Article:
The Boston Olympics are dead; the year 2024 is alive and well

David L. Ryan/Globe Staff

Boston 2024 proposed developing areas including Widett Circle, Columbia Point, Squantum Point Park, and New Bedford Harbor.

By Conor Yunits  

The end of the Boston Olympics bid does not wipe the year 2024 from our collective calendar. As we either wallow or rejoice in the collapse of Boston 2024, we also need to think about the future. Less than a decade from now, summer sun will shine on Widett Circle, Columbia Point, Squantum Point Park, New Bedford Harbor, and every other potential venue for The Games That Never Were. What will they look like? Where do we go from here?

Boston 2024

One of Boston 2024’s proposals included development of Widett Circle.

For the most part, Olympics boosters and opponents always agreed on some basic points: Boston is a great city, but we need to do more to improve the lives of our fellow citizens, particularly on the critical issues of transportation, housing, and infrastructure. So let’s keep the postmortems to a minimum and get to work immediately on the future.


First, we all agree the MBTA needs help. Governor Baker and the Legislature are already working on the management side, but we all know the system is in desperate need of new funding. Ironically, many of the people working to stop the Olympics are the same people who killed the gas tax last year, cutting off a vital funding option for the T and transportation infrastructure in general. So let’s regroup and get on the same page. Transition the Olympic ballot question effort to a new question on adequately funding the MBTA, as well as our roads and bridges.

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Second, the city and the BRA should proceed with planning for future neighborhood development at the former site of the Bayside Expo Center, as well as Widett Circle. Bring in the owners and neighbors of Newmarket Square for discussions on the best future development of the neighborhood. Leave the bidding process and potential tax credits on the table. We remain in desperate need of workforce and affordable housing, and both locations offer access to the MBTA and the Expressway. The same goes for other potential venues across the Commonwealth. Let’s look for new opportunities to maximize our incredible resources.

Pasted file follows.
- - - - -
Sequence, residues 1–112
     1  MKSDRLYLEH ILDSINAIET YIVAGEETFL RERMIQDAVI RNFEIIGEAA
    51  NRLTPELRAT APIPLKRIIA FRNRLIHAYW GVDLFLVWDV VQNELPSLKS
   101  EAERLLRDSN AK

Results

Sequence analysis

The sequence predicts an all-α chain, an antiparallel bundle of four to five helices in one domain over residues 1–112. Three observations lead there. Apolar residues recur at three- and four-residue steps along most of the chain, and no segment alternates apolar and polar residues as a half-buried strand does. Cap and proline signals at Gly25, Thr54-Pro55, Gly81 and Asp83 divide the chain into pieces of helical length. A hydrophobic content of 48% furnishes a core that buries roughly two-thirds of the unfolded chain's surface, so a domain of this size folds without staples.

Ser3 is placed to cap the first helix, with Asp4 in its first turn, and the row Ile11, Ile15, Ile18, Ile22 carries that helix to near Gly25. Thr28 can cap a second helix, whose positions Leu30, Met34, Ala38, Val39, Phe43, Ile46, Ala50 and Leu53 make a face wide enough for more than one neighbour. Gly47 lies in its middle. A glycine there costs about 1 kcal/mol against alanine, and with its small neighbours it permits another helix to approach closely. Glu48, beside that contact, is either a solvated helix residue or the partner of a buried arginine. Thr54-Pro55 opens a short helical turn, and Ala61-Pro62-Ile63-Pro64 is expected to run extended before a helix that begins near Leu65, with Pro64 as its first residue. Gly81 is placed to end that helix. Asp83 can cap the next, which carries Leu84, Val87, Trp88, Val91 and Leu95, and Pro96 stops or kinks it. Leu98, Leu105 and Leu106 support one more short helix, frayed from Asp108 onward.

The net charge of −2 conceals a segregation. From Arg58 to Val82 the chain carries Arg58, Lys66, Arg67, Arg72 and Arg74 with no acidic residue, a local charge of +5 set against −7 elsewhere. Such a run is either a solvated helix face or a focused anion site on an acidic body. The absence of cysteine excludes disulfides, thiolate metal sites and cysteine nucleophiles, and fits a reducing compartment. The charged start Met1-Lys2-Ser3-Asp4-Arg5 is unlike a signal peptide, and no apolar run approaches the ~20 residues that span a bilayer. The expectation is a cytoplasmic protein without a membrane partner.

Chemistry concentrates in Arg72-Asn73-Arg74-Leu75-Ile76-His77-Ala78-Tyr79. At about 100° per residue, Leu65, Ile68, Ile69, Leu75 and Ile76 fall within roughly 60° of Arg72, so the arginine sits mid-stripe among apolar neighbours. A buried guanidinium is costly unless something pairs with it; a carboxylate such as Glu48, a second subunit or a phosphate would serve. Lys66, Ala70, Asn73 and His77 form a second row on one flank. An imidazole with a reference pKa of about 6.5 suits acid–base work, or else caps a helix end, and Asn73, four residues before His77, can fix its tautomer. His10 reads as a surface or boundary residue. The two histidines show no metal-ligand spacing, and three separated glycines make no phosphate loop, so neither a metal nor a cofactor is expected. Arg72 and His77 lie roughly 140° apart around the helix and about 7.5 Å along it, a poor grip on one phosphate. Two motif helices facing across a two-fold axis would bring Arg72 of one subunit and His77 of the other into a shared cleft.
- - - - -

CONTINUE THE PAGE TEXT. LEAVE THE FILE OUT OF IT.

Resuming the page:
Third, let’s fix the highways, particularly the Southeast Expressway. Much was made about the potential traffic the Olympics might bring, and the highway disruption that would be caused by construction in the years leading up to the Games. But the traffic on Boston’s main thoroughfare is already a complete joke, and it would be better to have seven years of disruptions caused by construction than two more decades of continued bottlenecks. We need to work together on traffic solutions now, with or without Olympic VIP lanes.

Finally, let’s make a peace. The acrimony that has developed in this city has been heartbreaking. The discussion on social media in particular has been downright nasty, and showcased some of the worst stereotypes that outsiders have about us. Let’s drop it now; let it go. Boston 2024 is staffed by smart, hard-working people who are truly committed to creating a better future for Boston. They will be looking for jobs, but hopefully not for long. The same goes for No Boston Olympics. The lead opponents risked their careers to speak out publicly against the Boston business and political establishment. They are passionate, gifted executives who in some cases sacrificed their jobs for this effort. Hire them — hire people from both sides of this debate. They should all be involved in the future planning of this city.

The Boston Olympics are dead. The year 2024 is alive and well. Let’s put all the rancor of the past eight months behind, and come together to create as many of the potential positive benefits as we can. Boston is a world-class city. Let’s prove it.

Conor Yunits was a cofounder of No Boston Olympics and later became a supporter of Boston 2024.